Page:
I’d never been to an H&M store until last week, when I took my college freshman daughter to the one in the Time Warner Center in New York City. The giant Swedish retailer is on a roll these days, after Helen Hunt wore a navy satin strapless dress bought from H&M at the recent Academy Awards ceremony.
Lili was born in China, and she seems to have the “waste not, want not” philosophy built into her DNA. When she and I went to the “Waste Not” installation at MoMA a few years ago, we agreed it was brilliant. Chinese artist Song Dong displayed over 10,000 ordinary domestic objects such as toothpaste tubes not quite squeezed empty, owned by his late mother, who suffered poverty in the Cultural Revolution and refused to throw anything away. Think “Hoarders: Buried Alive.” The display managed to reflect not just one woman’s life, but the modern history of China.
“Lili,” I said, pointing at a rack of blouses that cost just $12, “You should get several of these! The same shirts at J Crew cost $50!”
“Why?” she responded. “Mother, you think just because something is cheap, you should buy it. I already have a lot of shirts like these.”
“True that,” I said, using a phrase she uses that I don’t really understand.
Oh, how much I have to learn! I thought LOL meant “LOTS OF LOVE.” How wrong I was. It means “LAUGHING OUT LOUD,” and sometimes could be taken as an insult if you were not trying to be funny.
Lili is majoring in IMC — Integrated Marketing Communications, for the uninitiated. She wants to work in digital media strategy, which she will do next summer at Boston University’s Summer Program as an intern. For this, she needs appropriate work attire. I can offer no advice since it has been over a decade since I left my job in communications at American Express. And in 2002, every day was dress-down day.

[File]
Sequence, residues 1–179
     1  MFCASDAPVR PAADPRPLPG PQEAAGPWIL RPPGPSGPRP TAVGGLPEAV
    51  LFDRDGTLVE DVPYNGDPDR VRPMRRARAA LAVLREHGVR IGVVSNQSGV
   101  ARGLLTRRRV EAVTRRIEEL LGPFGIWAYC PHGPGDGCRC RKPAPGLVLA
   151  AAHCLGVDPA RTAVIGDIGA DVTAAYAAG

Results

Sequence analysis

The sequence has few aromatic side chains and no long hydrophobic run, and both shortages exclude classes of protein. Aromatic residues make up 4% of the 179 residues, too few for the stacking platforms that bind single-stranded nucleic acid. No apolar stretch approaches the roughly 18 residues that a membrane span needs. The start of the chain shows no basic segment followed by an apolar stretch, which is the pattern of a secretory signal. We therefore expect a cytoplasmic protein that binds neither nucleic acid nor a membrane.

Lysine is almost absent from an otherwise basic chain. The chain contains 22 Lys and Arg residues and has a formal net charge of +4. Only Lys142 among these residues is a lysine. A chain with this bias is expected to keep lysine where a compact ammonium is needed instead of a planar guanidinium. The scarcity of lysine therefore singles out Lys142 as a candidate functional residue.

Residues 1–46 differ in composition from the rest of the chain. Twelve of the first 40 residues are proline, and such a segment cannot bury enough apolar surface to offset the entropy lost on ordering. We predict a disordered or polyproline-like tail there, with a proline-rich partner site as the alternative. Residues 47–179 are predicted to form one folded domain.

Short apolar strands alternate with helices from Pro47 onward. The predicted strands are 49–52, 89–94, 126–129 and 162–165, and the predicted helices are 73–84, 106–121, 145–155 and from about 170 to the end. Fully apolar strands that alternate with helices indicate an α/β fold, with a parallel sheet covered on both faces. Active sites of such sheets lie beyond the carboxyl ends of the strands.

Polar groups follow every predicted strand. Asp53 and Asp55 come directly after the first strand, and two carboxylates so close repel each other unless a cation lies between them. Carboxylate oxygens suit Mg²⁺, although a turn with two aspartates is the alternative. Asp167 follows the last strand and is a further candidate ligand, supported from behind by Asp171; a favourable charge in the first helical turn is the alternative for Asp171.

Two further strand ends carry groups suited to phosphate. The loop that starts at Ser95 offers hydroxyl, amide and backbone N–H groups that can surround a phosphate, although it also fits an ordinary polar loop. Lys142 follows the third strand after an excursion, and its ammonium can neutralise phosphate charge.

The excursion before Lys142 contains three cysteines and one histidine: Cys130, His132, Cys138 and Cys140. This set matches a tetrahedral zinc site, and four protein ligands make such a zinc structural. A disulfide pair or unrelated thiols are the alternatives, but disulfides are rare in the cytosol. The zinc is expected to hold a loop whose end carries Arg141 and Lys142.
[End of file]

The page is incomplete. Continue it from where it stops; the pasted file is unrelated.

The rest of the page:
“Hey, Lil,” I said to her at H&M. “Did you know that when I started my first job in New York City at the Madison Avenue ad agency Doyle Dane Bernbach in 1982, I wore a tie?”
“What do you mean, a tie?” she asked. At least this got her attention.
“A necktie, kind of like the ones men used to wear, but smaller, and tied in a bow,” I said.
“Disgusting,” she said, finished with this topic.
A careful shopper with quite a good eye, she purchased a cropped grey wool jacket for $35.
“Lili,” I pointed out, “look at those real buttonholes! In my day, you had to buy Armani to get those. How does H&M do it, at such a low cost?”
“By using child labor in China, Mother,” was her response.
After an hour at H&M, I had to return to our apartment a few blocks away for a nap. This would be my last trip there, I told myself.
Not true. Just yesterday I was back, this time with Zahra, a teenager from Afghanistan who is studying at a prestigious New England boarding school through SOLA — the School of Leadership Afghanistan. She is tiny but tough, with the deepest, most beautiful dark eyes and the smoothest skin I have ever seen. She is wearing the hijab, or headscarf, and it conceals her beautiful lustrous hair. It is her choice, she told me, and even though it has led to profiling at airports, she has stood her ground.
I volunteer for SOLA, mentoring young Afghan women and hosting them while they are in the U.S.
Zahra could not believe H & M. It was her first time, and she was like a skittish rabbit, going from rack to rack, unsure what to select.
Like my Lili, she was a careful shopper with a budding fashion sense. She wore black jeans, a grey sweater, and a grey checked hajib. She also had on sandals, even though it had snowed earlier that day.